We also pray for the forgiveness of our trespasses as we forgive those who trespass against us. We might note that in this hymn honouring Saint Sergius, it is not he himself who is likened to an angel. Rather, it is said of Saint Sergius that he communed with people as if they were angels. To be healed, is to see others as if they were angels. To commune with people as if they were angels requires a forgiving heart.
Healing comes through forgiveness. Implied in the question Do you want to be made well, to be made whole? is another: Do you want to truly forgive from the bottom of our hearts?
As Sergei Fudel says, perhaps we don’t want to live like this, or perhaps not very often, but each of us must try to live The Lord’s prayer: Thy Kingdom Come. In the time of Christ, people were expecting a King who was going to fight their corner, a strong leader. When Pilate asked him Are you the King of the Jews Christ responded:
My kingdom does not belong to this world. If my kingdom belonged to this world, my followers would be fighting to keep me from being handed over to the Jews. But as it is, my kingdom is not from here. (John 18: 36)
Sergei Fudel says:
I do not understand the suffering of the world. I only understand that the Creator of the world became part of the world’s suffering and let his beloved Son share in it. Christianity speaks to us of God who suffers, suffers not because of His guilt, but because of compassion, because of love. (– Sergei Fudel - Light in the Darkness P.77)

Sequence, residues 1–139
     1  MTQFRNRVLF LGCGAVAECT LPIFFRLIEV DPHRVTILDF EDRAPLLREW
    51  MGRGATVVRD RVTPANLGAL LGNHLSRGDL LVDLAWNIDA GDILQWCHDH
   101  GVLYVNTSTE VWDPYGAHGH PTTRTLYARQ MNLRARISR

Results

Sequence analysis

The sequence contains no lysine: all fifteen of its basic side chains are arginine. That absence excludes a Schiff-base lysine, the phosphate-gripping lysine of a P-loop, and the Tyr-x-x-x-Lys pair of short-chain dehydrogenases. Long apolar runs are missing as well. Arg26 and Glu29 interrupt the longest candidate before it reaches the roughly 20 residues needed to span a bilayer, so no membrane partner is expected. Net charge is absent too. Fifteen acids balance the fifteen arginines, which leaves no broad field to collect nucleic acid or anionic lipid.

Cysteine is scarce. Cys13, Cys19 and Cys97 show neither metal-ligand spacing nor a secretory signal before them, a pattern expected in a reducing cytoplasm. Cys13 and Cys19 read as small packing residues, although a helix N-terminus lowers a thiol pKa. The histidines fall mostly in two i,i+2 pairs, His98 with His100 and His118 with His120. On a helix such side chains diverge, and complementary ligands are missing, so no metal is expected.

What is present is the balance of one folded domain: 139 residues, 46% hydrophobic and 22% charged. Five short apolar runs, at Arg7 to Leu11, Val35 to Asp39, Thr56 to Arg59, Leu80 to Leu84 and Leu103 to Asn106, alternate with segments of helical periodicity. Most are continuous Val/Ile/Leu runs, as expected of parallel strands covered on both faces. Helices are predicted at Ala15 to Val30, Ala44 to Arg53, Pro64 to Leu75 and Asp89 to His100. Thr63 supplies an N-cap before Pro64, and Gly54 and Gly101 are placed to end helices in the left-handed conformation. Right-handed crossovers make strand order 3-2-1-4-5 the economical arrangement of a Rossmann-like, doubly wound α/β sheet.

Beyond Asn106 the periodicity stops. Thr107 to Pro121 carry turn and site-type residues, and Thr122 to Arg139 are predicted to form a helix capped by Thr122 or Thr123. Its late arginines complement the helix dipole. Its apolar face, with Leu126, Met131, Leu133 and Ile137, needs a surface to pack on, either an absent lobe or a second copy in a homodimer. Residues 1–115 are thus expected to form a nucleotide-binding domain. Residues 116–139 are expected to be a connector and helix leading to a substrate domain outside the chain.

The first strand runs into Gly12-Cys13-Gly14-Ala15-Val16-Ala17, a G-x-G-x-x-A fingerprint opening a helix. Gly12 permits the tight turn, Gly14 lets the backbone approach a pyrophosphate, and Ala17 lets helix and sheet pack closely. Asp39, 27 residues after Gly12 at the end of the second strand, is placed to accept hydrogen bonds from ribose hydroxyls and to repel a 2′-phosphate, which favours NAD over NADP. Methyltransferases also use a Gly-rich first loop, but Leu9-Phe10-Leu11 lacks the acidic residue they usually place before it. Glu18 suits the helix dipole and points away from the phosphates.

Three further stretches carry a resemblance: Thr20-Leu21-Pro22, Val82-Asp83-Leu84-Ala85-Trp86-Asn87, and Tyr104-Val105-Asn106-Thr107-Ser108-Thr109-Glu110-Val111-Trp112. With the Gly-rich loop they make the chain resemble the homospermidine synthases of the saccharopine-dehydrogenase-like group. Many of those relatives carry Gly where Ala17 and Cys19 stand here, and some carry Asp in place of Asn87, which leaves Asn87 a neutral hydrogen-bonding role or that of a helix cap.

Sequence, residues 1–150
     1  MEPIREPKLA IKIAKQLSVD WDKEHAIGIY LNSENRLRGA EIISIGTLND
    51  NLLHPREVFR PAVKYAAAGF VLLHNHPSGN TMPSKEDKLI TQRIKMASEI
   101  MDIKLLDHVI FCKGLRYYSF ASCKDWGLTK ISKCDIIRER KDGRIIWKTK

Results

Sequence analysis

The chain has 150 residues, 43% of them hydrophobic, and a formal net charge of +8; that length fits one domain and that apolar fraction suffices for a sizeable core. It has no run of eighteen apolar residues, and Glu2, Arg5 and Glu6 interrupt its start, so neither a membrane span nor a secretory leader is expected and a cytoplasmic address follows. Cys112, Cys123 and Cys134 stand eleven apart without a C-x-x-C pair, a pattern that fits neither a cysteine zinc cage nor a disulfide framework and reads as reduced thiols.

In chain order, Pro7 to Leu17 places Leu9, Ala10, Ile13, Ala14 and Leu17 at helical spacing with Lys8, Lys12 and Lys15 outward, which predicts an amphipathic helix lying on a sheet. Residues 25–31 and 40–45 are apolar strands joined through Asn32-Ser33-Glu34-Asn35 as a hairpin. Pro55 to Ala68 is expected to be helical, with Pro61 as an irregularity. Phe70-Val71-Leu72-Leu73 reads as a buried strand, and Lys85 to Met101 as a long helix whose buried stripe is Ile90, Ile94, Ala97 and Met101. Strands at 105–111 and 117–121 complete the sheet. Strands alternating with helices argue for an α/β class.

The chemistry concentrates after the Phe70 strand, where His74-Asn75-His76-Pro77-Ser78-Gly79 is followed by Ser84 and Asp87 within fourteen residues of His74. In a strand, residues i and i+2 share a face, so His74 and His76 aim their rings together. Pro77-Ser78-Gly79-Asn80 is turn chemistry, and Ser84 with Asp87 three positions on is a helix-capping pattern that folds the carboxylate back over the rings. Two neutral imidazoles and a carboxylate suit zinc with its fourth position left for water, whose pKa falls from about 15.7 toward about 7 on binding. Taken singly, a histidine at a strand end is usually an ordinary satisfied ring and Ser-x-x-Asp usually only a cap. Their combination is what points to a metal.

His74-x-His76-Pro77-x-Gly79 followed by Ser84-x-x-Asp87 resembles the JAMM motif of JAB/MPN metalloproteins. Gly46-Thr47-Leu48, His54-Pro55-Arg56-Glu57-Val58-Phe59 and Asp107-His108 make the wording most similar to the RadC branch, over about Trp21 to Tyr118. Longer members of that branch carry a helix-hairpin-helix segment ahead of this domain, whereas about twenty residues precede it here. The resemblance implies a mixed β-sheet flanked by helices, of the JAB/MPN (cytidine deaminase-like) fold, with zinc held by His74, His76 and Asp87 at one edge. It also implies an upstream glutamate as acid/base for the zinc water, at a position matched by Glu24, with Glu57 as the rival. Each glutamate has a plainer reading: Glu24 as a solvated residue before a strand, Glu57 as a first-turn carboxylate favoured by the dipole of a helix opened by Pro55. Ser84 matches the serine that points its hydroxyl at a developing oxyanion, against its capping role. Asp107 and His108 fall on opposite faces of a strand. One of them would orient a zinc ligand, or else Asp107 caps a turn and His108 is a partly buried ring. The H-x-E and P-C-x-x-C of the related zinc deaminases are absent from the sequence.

Thy Kingdom Come. We have a King who came into Jerusalem riding on a donkey, a King who was betrayed by one of his own, or rather as we pray in the Divine Liturgy: gave himself up for the life of the world.
Today we celebrate Saint Pachomios the Great who is generally recognised as the founder of cenobitic monasticism, that form of monasticism involving living as community. To commemorate Saint Pachomios we enumerated the fruit of the Holy Spirit in the Epistle to the Galatians, and in the Gospel we remembered Christ’s words in the beatitudes, those things very much necessary for living with one another, living as community, living in the image of God the Trinity.
Our celebrations as we come to the midpoint between Easter and Pentecost, are illumined by both feasts:
Having beheld the Resurrection, let us accept Christ’s offer to free us from our paralysis, through his Cross, through which joy has come into all the world. Anticipating Pentecost, let us acquire the Holy Spirit, the fruit of which is love, joy, peace and so-forth, that Christ may rule in our hearts, the one who gave himself for the life of the world, the one who said Blessed are the poor in spirit, for theirs is the kingdom of heaven and Blessed are the peacemakers, for they will be called children of God.
Let us acquire peace in our hearts, our prayer for the peace of the whole world is made personal in this petition we pray frequently: Let us pray for those things which are good and profitable for our souls, and peace for the world.
Christ is risen!